The lawyer who represents the black university employees who are seen in the video, Lesley Makgoro, pointed out that the staff were not aware of the purpose of the video and that "with deft editing, the video was a protest at integration, ridiculing the very women who would often 'rescue' a drunken Reitz resident from the garden where he had passed out" []. One of the black employees remarked: "It has affected us badly. We trusted the students and they betrayed us". Another said: "I'm very hurt. We treated them like our children". It is clear to me that these students are the ones who were having the fun at the cost of the black employees. Their motives for producing the video are indisputably racist. Their defense and mock-surprise at the consequences are entirely incredulous. There is no justification for indulging in this kind of supposed innocent student fun in a country that had witnessed so much pain, devastation and bloodshed in the name of a racist political ideology that has rightly been called a sin against humankind. Is Afrikaner racism alive and well? Yes! Yes! Yes!

Friday, February 22, 2008


Saturday, 23 February, 2008
In the Khaleej Times of today, page 4, there is a small article titled "Imam of Kaaba hails efforts to promote learning of Quran". In it, Dr. Abdul Rahman Sudais, Imam of the Holy Kaaba in Makkah, pointed out that a "true Muslim" is someone who "must follow Islamic teachings in all his deeds and at all times and not only when faced by problems as it is the case for many Muslims".
Bravo! It is sad but true that religious polemicists of whatever persuasion are too eager to point out the supposed "inherent faultlines" of a specific religion by drawing attention to those inauthentic examples of faith-practice that clearly defy the essence of religion. A true Muslim, says Dr. Sudais, is someone whose life is infused with the values and teachings of Islam. Islamic principles are relevant to "all deeds" and at "all times". Few statements could be clearer than this one.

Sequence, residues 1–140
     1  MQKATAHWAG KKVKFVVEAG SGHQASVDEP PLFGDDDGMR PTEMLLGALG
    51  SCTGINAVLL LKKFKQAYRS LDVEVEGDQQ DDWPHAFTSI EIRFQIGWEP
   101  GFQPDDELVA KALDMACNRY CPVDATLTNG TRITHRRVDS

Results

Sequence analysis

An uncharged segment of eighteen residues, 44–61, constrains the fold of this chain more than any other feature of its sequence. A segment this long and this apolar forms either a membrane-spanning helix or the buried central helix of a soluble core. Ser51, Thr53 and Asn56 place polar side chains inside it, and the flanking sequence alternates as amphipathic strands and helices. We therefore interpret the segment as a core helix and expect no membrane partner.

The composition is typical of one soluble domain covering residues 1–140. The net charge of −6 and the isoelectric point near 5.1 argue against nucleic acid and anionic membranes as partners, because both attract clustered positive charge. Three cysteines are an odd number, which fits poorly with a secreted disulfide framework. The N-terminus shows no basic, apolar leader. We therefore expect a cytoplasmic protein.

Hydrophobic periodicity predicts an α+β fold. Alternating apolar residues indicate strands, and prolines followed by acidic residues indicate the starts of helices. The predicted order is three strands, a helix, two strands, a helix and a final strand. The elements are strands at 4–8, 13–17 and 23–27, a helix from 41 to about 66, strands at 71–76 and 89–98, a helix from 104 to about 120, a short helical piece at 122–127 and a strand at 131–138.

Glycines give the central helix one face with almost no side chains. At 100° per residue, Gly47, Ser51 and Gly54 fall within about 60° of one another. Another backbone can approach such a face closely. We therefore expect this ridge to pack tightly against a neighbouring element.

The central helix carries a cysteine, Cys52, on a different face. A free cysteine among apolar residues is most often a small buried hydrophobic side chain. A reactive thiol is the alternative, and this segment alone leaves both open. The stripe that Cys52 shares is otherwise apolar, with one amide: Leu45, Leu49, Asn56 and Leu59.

Saturday, 23 February, 2008
In 2000, UNESCO spearheaded an international education initiative known as "Education for All".
The article points out: "...enrolment in primary schools increased by 11 per cent between 2005 and 1999. Opportunities for education beyond the primary level also expanded notably as well as gender equality, with more girls enrolled in secondary schools and universities." At the moment, Arab education ministers are meeting in Doha, Qatar, to discuss and evaluate progress in Arab education and to review Mid-Term achievements in this regard.
An article in the Gulf News ( remarks in its introduction: "Arab countries have improved their educational policies but not enough to meet the Education for All goals by 2015". It points out further: "...the Arab region is far from achieving its goals".
Some of the key education challenges facing the Arab region include: adult illiteracy rates (around 30% or 57 million adults); around 6 million children are not in school; grade repetition; irregular school attendance; high drop-out rates; the rapid growth of primary school age children (estimated at around 13% in the next decade); insufficient numbers of teachers (the number should increase by about 26% to meet education demand needs).
On a positive note, some of the improvements in the Arab region include: most Arab countries spent around one-fifth of their total Government expenditure on education in 2005; primary school enrolments increased by 12% between 1999 to 2004; and, secondary school enrolments increased by 25% since 1999 (currently around 28 million students).